Subject: Re: Using (or Not Using) DESTDIR
To: Frederick Bruckman <email@example.com>
From: Curt Sampson <firstname.lastname@example.org>
Date: 03/26/2000 14:18:17
On Sat, 25 Mar 2000, Frederick Bruckman wrote:
> So why not wrap it with ".ifndef (BSD_PKG_MK)"...
Because that was never documented anywhere, and I had no idea it
existed? Certainly you don't expect that everyone out there building
NetBSD and just ocasionally using pkgsrc to install a program once
in a while is going to be intimately familiar with over three
thousand lines of makefile source.
> or better, ".if make(release)"
Now you show your ignorance of the makefiles you don't frequently
work with. :-) This ignores all of the following targets which also
use DESTDIR: snapshot, install, distribution, distrib-dirs, build.
(This is only a partial list, but includes the ones most frequently
used on the make command line.)
This leads me to believe that we should push pkgsrc away from using
/etc/mk.conf entirely, for the following reasons:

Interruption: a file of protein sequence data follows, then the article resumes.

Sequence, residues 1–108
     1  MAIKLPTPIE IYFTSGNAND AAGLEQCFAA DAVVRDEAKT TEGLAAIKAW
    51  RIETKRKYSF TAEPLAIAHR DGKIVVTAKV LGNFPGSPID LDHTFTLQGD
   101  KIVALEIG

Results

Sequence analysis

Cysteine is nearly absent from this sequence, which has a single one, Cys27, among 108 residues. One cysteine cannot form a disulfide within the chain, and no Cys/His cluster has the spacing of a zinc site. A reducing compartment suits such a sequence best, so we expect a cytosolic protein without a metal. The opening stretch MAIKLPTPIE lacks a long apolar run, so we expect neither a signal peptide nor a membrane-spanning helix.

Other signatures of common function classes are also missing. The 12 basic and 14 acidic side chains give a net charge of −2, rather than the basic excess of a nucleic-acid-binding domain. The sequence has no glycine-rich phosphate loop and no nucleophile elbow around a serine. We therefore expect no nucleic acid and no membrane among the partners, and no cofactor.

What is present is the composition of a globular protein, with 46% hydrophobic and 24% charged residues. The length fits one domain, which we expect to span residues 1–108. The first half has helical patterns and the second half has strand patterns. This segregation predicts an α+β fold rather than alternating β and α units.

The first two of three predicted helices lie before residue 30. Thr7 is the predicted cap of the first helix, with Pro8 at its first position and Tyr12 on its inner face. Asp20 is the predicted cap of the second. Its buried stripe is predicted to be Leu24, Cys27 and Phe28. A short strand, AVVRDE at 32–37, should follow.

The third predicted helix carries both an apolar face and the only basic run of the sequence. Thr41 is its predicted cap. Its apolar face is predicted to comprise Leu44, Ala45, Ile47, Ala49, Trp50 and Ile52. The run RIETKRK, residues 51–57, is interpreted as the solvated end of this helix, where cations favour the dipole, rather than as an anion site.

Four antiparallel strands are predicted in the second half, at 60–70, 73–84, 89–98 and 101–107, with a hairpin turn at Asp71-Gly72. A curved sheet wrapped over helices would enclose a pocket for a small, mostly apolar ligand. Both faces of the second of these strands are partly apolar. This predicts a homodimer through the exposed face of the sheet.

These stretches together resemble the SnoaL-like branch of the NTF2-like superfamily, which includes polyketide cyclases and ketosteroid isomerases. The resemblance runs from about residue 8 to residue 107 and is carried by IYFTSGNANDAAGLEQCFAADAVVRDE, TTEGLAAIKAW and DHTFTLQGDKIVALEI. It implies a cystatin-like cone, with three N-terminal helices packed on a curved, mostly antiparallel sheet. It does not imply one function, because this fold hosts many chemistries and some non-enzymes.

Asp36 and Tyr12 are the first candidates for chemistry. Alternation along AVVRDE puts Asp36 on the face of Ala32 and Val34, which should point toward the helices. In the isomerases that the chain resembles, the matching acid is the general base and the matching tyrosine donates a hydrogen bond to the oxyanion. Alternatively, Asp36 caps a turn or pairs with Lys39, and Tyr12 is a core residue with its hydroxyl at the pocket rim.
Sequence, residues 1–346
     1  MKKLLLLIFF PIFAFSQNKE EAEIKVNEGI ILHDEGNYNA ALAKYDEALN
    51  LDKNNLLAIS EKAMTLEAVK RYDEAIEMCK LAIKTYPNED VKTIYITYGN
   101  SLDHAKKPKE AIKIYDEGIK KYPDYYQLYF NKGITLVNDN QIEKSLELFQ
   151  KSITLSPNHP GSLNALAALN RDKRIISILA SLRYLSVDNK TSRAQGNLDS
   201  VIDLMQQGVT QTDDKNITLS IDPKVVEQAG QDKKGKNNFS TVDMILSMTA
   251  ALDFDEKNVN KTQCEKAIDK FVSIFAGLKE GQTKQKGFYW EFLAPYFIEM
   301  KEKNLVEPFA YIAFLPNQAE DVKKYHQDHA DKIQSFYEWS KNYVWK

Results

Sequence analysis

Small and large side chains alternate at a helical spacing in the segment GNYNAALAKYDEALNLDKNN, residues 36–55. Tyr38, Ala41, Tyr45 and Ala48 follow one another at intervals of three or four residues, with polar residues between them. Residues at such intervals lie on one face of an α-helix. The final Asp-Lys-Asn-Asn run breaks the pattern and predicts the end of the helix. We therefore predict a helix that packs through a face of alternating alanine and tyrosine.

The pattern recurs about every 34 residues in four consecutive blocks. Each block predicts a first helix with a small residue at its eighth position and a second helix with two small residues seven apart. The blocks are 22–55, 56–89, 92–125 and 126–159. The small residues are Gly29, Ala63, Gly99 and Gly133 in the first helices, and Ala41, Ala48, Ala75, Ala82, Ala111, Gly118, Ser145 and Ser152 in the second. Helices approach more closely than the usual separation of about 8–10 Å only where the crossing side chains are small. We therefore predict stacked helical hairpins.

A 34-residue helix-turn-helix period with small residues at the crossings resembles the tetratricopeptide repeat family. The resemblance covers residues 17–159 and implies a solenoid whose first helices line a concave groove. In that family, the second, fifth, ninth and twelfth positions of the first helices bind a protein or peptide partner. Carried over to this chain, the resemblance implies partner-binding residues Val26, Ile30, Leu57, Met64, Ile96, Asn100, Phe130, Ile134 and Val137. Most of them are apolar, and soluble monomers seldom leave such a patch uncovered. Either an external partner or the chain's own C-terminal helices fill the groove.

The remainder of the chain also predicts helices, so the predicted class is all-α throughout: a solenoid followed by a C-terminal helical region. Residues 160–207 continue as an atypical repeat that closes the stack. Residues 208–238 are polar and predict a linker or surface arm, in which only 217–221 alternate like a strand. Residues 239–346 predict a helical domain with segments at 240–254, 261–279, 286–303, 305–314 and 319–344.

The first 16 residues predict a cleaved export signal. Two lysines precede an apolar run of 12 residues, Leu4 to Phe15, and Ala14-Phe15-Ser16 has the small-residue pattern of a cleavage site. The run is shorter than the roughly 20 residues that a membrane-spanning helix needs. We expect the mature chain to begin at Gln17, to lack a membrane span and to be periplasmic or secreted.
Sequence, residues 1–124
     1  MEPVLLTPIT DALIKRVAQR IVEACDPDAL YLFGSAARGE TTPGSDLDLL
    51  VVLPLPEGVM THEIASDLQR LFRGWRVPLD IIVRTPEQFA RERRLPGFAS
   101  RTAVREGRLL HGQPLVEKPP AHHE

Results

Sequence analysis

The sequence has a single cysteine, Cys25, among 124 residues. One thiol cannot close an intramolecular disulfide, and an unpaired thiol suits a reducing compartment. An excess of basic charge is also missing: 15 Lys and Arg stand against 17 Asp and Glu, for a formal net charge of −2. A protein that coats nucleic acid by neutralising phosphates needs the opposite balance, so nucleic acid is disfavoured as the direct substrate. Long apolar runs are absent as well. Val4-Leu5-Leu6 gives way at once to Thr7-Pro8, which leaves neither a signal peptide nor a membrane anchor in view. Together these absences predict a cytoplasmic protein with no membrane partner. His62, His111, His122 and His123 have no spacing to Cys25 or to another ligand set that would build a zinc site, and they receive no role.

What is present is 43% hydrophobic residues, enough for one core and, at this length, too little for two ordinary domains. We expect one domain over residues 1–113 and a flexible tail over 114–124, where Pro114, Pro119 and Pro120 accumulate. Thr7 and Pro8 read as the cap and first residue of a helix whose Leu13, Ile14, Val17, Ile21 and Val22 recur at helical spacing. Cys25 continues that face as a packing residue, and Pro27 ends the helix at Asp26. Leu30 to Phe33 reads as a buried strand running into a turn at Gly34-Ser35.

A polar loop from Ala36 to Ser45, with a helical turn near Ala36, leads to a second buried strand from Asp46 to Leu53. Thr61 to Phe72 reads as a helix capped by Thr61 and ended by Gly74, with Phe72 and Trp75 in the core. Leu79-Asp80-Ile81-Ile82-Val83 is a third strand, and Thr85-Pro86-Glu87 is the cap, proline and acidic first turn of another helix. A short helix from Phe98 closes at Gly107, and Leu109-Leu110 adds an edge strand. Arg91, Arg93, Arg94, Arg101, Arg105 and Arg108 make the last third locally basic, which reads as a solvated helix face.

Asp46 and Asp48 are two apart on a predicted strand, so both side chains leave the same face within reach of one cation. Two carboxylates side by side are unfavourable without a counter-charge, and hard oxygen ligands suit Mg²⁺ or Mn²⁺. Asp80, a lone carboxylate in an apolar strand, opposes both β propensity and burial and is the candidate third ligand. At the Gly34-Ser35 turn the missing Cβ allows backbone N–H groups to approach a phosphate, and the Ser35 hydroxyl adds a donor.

1. I don't believe that most people working on the main tree are
also keeping careful track of the makefile changes, additions, etc.
in pkgsrc and updating pkgsrc/mk/mk.conf.example with their own
changes for src.
2. Due to the above, we're inevitably going to run in to collisions
and other odd behaviour.
3. It doesn't make sense to distribute the makefile settings for
src with pkgsrc; the example /etc/mk.conf stuff (at least as far
as src is concerned) should be in /usr/share/mk, with the other
related documentation and the makefiles themselves, not pkgsrc/mk.
4. It's an easy matter to change the pkgsrc build system to use a
mk/mk.conf rather than /etc/mk.conf. (This is very difficult to do
for the src build system, as the current assumption--for the most
part--is that you can check out just one program and build it
What do you think? I don't see any reason for forcing the build
variables for src and pkgsrc together, since they really don't
share much in common.
Curt Sampson <email@example.com> 917 532 4208 http://www.netbsd.org
Human speech is like a cracked tin kettle, on which we hammer out tunes
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